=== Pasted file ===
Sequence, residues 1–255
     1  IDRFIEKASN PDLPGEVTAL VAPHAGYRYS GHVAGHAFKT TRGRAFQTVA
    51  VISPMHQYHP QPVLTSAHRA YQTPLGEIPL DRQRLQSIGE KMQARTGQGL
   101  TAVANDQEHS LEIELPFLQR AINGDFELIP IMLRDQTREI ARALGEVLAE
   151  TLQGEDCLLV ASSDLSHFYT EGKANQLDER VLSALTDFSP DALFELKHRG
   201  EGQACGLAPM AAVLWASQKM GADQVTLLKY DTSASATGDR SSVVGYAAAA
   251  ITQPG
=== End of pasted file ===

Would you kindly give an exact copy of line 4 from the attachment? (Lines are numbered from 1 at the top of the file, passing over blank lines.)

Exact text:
   101  TAVANDQEHS LEIELPFLQR AINGDFELIP IMLRDQTREI ARALGEVLAE